Author Archives: Patrick Terlisten

About Patrick Terlisten is the personal blog of Patrick Terlisten. Patrick has over 15 years experience in IT, especially in the areas infrastructure, cloud, automation and industrialization. Patrick was selected as VMware vExpert (2014 - 2016), as well as PernixData PernixPro. Feel free to follow him on Twitter and/ or leave a comment.

HPE Data Protector 9.08 is available

3 days ago, on 13th October 2016, HPE has released patch bundle 9,08 for Data Protector 9. A patch bundle isn’t a directly installable version, instead it’s a bundle of patches and enhancements for a specific version of Data Protector, in this case Data Protector 9.

Beside fixes for discovered problems, a patch bundle includes also enhancements. There are some enhancements in this patch bundle, that have caught my attention particularly.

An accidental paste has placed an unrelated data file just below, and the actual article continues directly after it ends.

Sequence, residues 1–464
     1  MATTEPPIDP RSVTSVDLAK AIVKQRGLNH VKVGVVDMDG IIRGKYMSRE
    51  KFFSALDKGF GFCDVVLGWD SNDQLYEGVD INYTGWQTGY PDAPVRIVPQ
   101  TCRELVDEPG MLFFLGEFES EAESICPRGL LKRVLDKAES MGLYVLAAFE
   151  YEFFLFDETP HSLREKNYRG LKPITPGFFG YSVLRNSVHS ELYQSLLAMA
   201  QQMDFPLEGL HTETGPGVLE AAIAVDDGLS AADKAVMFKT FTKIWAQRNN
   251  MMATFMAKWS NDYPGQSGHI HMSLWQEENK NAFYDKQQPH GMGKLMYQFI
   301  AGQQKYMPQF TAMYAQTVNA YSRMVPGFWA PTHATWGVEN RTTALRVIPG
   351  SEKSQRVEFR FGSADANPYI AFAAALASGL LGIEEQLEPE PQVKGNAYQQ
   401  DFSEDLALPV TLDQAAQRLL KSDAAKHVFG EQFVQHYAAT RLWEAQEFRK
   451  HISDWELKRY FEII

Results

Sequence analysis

QCCR2A64053: Support for object copy of file system data to Microsoft Azure. Data Protector now supports the creation of a special backup device, which can be used together with Data Protector object copies, to copy Data Protector file system backups to Azure Backup Vaults. This is an easy way to create copies of important data on Microsoft Azure.

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I’m routing on the edge…

In my last post (Routed Port vs. Switch Virtual Interface (SVI)), I have mentioned a consequence of using routed ports to interconnect access and core switches:

You have to route the traffic on the access switches.